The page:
Do what I say, not what I doLeave a comment
September 20, 2017 by Kenneth Fisher
- I told you not to use NOLOCK even though I use it sometimes.
- I told you not to shrink databases, even though I do it when I need to.
- I told you not to use SELECT * but I use it all the time.
- I’ve told you not to use cursors but I like them.
You’ll hear a lot of rules and best practices from senior IT people (not just data folks, all of them). You’ll also then see those same people do what they told you not to.
That doesn’t seem fair, does it?
It is and it isn’t. Take NOLOCK as an example. I tell people “Don’t use NOLOCK”. In fact, I’ve done a number of rants about it. But I do use it every now and again. Want to know the difference? I know when NOLOCK is appropriate.
Tools are just that, tools. They can be useful or they can cause damage if you don’t know how to use them. Some tools get misused so frequently that senior IT people start telling everyone “do not use” because the chances of them being used correctly are slim, and conversely the chances of them being misused are great.
The simple answer is to just explain how to use the tools correctly right? In a perfect world, yes; that would be the correct thing to do. Unfortunately, not everyone understands what you are teaching. And certainly not everyone understands it the first time, or the second, or the third etc. Not because they aren’t smart enough, or not paying enough attention, but because it’s the nature of learning.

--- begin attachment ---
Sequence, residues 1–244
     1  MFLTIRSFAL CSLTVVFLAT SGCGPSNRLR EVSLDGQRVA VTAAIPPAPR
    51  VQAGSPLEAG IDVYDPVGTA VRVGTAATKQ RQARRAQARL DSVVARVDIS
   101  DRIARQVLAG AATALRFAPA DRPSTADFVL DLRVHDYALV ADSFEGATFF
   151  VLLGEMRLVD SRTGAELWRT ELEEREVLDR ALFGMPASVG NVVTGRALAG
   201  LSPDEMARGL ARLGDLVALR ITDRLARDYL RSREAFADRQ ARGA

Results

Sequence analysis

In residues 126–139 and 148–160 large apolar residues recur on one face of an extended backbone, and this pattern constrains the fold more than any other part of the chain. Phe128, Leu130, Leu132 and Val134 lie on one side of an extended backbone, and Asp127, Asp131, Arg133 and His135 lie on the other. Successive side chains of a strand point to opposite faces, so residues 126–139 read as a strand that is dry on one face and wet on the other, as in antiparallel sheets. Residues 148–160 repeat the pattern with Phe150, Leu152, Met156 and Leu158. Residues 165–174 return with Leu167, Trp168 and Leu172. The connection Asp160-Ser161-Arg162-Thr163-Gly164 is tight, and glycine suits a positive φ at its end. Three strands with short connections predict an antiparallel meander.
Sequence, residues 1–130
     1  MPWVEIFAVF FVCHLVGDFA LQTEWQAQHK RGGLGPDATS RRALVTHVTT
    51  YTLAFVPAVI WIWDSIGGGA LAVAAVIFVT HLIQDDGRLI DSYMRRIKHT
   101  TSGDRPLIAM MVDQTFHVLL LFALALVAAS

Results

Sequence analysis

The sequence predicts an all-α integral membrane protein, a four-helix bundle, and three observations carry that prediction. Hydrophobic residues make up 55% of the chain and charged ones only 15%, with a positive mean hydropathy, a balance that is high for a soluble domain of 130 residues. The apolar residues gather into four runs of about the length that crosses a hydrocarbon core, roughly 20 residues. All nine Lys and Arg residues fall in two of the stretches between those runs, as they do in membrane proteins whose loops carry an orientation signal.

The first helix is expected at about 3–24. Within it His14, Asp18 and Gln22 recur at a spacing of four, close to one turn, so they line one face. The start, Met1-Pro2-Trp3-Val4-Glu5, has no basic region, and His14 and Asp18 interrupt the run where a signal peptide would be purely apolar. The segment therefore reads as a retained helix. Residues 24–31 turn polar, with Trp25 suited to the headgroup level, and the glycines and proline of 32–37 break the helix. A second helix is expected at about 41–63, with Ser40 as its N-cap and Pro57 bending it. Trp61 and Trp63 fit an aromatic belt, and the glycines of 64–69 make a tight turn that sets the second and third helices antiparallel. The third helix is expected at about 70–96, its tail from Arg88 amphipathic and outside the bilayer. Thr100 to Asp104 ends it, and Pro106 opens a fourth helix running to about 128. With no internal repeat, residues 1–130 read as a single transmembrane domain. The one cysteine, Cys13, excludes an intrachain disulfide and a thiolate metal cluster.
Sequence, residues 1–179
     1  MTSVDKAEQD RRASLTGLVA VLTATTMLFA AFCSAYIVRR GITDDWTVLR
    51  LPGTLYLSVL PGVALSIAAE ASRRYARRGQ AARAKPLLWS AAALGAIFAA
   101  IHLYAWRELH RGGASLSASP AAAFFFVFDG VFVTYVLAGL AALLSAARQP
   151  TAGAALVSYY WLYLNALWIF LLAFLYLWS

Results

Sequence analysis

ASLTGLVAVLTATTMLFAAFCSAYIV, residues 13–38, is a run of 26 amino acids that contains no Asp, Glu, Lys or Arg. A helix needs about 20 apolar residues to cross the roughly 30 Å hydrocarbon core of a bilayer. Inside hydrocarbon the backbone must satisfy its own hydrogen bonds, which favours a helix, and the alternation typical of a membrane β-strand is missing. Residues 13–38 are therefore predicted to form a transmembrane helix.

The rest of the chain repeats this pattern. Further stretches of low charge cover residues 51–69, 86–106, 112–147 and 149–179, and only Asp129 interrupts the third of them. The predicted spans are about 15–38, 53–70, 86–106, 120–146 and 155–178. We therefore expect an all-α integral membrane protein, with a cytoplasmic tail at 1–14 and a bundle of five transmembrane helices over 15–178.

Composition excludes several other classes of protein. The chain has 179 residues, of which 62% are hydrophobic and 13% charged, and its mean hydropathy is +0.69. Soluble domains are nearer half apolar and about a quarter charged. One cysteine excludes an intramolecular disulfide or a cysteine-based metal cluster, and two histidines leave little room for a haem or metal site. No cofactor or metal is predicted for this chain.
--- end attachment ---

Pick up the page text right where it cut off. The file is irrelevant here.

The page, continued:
Let’s say I explain to someone how to use a cursor, because hey, even in a batch environment we do need loops sometimes. Then a few weeks later I realize they have started using cursors all over the place, performance is tanking, and they are now getting in trouble. Now I feel terrible. And in some cases, I (and cursors) get blamed for things not going well. It would have been easier in the long run, and safer, if I’d never shown them the tool in the first place.
So when you hear “Do not use this tool” from someone who really understands it, it’s probably because it’s a tool that gets misused far too often for the comfort of the person talking. In my opinion, at this point, you want to find out why using this tool is a bad idea. Find out what it’s used for and when it’s appropriate to use it. Once you are sure you have all that down, then, under the right circumstances, you can use the tool.
On the other hand, if you hear “Do not use this tool” from someone who doesn’t understand it, it may very well be that they have tried to use it incorrectly and run into problems. At this point you want to find out why (and/or if) using this tool is a bad idea. Find out what it’s used for and when it’s appropriate to use it. Once you are sure you have all that down, then, under the right circumstances, you can use the tool.
Ok, all of that said, there are things you shouldn’t ever do. The trick here is again, learning. Granting everyone sysadmin on a SQL instance really is a bad idea. Don’t do it. Learn why, when, and where sysadmin should be granted. And then when you have you’ll realize you still shouldn’t be granting it more than absolutely necessary.
Category: Microsoft SQL Server, SQLServerPedia Syndication | Tags: best practices, Microsoft